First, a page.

Sunday, May 2, 2021

Pepper Doings, April 2021

 
















Before signing off on Chapter Three, my account of

Adams’s experience in the US Army, I decided to send

my final draft to a reader for his feedback. Although this

is one of my shortest chapters, I think I’ve been dealing

with this material for such a long time that perhaps I’ve

lost some perspective. Hopefully he’ll agree that it’s in

OK shape and, apart from some minor changes, I can

finally put it to bed.


I started a demanding full-time job five weeks ago and

my progress on the book has been slowed down. I still

think I’m on track to publish in September, but the most

important thing is to ensure that it’s in the best shape

that I can muster.


I’m excited to report that a very significant cache of

Pepper tapes and interviews have recently been trans-

ferred to a producer/musician who is restoring them,

releasing some of it to the public, and making all of it

available to me for study. Although I can’t yet reveal

the source of the material or its newfound recipient,

I’ve been aware of the collection for over thirty years

and am so excited that I’ll soon have a chance to

analyze the material and consider it for inclusion in

the biography. Typically, all of Pepper’s interviews

yield gems, so it’s likely that I’ll discover something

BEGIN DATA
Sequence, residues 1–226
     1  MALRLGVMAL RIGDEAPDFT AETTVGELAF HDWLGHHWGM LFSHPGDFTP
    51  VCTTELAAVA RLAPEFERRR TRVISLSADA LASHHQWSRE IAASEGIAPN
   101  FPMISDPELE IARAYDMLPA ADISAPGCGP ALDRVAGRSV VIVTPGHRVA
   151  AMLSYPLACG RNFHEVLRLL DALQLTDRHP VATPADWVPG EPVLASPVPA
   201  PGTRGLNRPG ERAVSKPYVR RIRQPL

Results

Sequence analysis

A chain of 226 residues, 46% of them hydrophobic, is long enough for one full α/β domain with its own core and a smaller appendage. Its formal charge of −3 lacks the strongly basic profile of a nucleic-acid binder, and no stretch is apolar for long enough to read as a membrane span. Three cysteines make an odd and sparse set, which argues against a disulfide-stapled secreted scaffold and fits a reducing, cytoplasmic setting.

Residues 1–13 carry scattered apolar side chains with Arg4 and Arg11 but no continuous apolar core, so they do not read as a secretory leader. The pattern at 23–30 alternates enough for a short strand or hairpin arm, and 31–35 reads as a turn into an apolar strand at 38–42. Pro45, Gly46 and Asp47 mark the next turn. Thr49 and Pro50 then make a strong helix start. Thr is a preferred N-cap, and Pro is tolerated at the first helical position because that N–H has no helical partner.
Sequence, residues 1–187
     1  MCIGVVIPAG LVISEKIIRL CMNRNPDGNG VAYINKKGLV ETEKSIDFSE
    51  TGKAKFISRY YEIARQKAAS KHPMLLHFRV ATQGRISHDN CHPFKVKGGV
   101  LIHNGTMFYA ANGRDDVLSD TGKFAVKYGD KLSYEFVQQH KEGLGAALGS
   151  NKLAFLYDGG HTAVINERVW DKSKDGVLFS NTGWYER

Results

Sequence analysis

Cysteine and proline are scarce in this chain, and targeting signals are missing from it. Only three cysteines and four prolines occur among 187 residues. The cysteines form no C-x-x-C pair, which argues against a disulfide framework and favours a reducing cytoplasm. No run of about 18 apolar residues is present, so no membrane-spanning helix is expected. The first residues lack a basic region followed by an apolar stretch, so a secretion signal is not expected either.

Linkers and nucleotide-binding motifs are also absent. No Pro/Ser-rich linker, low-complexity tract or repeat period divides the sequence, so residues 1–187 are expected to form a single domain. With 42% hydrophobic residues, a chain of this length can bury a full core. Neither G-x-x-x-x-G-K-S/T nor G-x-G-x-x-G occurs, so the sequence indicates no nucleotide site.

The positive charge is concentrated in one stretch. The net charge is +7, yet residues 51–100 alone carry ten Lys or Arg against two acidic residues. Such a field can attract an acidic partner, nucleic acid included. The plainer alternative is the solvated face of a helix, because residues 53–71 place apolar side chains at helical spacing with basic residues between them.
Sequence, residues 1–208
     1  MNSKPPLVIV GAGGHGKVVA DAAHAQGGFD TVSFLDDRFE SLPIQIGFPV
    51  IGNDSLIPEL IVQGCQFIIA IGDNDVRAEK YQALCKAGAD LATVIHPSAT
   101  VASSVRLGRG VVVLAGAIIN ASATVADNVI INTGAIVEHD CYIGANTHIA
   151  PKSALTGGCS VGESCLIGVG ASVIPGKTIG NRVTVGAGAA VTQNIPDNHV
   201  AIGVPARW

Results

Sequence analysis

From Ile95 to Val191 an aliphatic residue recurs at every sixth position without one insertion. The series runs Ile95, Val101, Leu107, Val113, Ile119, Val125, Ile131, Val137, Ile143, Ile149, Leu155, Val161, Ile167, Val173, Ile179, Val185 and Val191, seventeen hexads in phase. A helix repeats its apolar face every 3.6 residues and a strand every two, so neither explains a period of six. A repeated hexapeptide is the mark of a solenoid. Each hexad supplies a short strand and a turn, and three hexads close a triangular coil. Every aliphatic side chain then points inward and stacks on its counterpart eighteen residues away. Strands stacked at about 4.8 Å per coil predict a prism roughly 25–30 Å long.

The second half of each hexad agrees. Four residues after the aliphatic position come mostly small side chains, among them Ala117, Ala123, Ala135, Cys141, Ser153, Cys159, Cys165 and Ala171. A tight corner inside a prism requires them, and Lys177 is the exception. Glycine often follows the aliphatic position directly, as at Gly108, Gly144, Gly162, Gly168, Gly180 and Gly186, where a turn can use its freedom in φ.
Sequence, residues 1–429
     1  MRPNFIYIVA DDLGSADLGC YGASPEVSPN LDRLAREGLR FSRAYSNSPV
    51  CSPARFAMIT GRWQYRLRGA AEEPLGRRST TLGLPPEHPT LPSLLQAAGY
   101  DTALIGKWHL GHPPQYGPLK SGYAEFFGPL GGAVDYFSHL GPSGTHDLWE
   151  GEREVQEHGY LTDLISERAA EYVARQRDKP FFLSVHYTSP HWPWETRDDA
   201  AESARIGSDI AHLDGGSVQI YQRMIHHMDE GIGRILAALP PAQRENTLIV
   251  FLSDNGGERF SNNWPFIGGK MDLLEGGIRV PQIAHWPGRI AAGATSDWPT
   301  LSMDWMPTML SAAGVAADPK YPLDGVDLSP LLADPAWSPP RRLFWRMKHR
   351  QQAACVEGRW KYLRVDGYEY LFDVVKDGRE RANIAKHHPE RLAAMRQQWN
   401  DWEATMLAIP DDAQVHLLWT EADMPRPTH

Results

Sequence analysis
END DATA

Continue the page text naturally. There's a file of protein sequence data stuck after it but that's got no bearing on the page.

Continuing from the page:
new for the book. 


The Adams discography has been updated with new

discoveries: https://www.pepperadams.com/JoyRoad/DiscoUpdates.pdf 


Yesterday I had a wonderful conversation with the

eminent blogger Michael Steinman. He’s perhaps the

first person who really understands what I’ve tried to

do with the narrative structure of the biography, and

who has the breadth of knowledge about the subject

to truly grasp how I tried to diverge from the typical birth-

to-grave, tragedy or romance, cliched approach. After

our call, he wrote this wonderful blurb that I’ll be using

as advance praise

(https://www.pepperadams.com/Reflectory/AdvancePraise.pdf):


Most jazz biographies are predictable chronologies of gigs

and recordings, friendships and rivalries, kindness and cruelty.

We know how they start; we know how they end. Carner’s

admiring multi-dimensional portrait of Pepper Adams is a

delightful corrective. Irresistibly, it floats from story to story.

I couldn't wait to find out what happens next. Even if readers

know Pepper only as a bracing, lovely sound, before we are

ten pages in we are happily encountering him as a fully-

rounded person, reading Yeats, eating ribs, impatient with

cliche, searching and finding wherever he goes. It takes lung

power to play the baritone saxophone: this biography has the

breath of life.   

 

Michael Steinman

Author, Jazz Lives blog

 


Next weekend I’ll get a jump on Chapter Four corrections.

Happy springtime. 



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